In recent years, Tel Aviv has become a bustling building site. New cranes are popping up daily indicating the start of exciting new building projects. An apartment in one of these recently completed buildings, which doubles as a green lung in the heart of the busy city, is owned by a senior doctor who moved to the city after years of living in a spacious private property in the countryside.
The move from the village to the lively city, and the downsizing of living space to an 80 sqm apartment, required the designer duo Tsipi Yavets-Chen and Paz Chasdai to come up with creative storage solutions that would support practical and comfortable living.
"The client was clear about his design vision from the start: an elegant apartment with a sophisticated and youthful touch, like a pair of comfortable jeans paired with a designer shirt, creating a fresh and immaculate property with an urban vibe”, recalls Yavets-Chen. “Thanks to the correct use of natural materials, we created a raw canvas that was used as the backdrop for more sophisticated design elements”, she adds.
“We stripped the apartment back to its shell with the intention of creating a multi-functional open space”, says Chasdai who adds: "we used the surrounding view as our focal point and planned the interior with the curved building structure in mind, creating the perfect panoramic picture”.
According to both designers, the green view can be experienced from the entrance to the property, along with glimpses of the sea peeking between the buildings.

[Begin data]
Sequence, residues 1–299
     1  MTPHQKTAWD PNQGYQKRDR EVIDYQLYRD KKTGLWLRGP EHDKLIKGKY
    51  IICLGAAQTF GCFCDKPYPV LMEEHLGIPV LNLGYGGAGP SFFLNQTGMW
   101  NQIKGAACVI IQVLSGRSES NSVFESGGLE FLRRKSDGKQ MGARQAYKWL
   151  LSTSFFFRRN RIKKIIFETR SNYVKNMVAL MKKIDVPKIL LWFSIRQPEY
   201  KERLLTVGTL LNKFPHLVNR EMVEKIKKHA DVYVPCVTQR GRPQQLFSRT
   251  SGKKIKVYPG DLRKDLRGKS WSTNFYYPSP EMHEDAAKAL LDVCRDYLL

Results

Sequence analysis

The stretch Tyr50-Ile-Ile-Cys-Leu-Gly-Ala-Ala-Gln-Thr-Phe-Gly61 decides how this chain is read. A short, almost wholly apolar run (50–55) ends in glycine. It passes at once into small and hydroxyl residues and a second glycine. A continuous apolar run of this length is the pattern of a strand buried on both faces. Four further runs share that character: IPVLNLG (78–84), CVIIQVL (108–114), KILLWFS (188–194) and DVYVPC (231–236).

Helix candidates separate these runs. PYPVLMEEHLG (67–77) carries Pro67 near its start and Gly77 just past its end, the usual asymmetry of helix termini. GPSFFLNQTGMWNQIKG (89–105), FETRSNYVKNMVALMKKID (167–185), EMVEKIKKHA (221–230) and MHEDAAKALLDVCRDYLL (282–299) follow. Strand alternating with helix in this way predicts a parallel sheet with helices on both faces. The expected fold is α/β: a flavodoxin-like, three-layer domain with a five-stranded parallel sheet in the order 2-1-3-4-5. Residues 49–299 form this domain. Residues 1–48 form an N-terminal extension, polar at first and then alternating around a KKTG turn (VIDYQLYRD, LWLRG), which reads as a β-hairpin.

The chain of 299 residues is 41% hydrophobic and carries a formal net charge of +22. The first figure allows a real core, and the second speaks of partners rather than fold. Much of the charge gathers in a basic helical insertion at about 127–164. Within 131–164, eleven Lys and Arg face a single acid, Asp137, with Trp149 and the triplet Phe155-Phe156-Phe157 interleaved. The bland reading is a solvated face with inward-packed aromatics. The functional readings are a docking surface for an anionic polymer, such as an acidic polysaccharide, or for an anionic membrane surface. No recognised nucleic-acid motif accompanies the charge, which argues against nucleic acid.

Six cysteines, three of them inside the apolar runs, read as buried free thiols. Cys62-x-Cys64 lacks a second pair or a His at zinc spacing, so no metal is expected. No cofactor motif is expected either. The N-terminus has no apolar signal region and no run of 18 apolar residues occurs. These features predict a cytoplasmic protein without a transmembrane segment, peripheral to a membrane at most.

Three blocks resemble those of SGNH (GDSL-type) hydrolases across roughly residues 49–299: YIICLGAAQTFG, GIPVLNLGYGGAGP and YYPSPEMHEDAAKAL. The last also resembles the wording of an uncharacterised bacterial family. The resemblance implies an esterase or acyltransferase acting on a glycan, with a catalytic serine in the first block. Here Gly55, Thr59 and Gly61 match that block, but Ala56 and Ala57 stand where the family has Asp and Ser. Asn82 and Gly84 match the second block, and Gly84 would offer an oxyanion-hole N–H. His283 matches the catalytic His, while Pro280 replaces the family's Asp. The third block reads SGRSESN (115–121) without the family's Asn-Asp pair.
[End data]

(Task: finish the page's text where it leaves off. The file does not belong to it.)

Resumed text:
“The design focused on the flow of the breeze, light, and view, and as such, all internal walls were taken down with the exception of one wide pillar in the living room and the cube-shaped safety room in the middle of the space. Those two massive elements became the keystone of our design. By exposing the original walls of the safety room, we uncovered perfectly smooth concrete that was previously concealed by plaster. In addition, we raised the height of the apartment by disassembling the suspended ceiling.
The kitchen, which is located in the heart of the open space, was fitted with tall cabinets.
A working niche in brushed stainless steel reflects the view is located in the center of the space. Storage cupboards and a niche for a wide integral fridge were designed to the right, and a luxurious wine fridge was fitted to the left.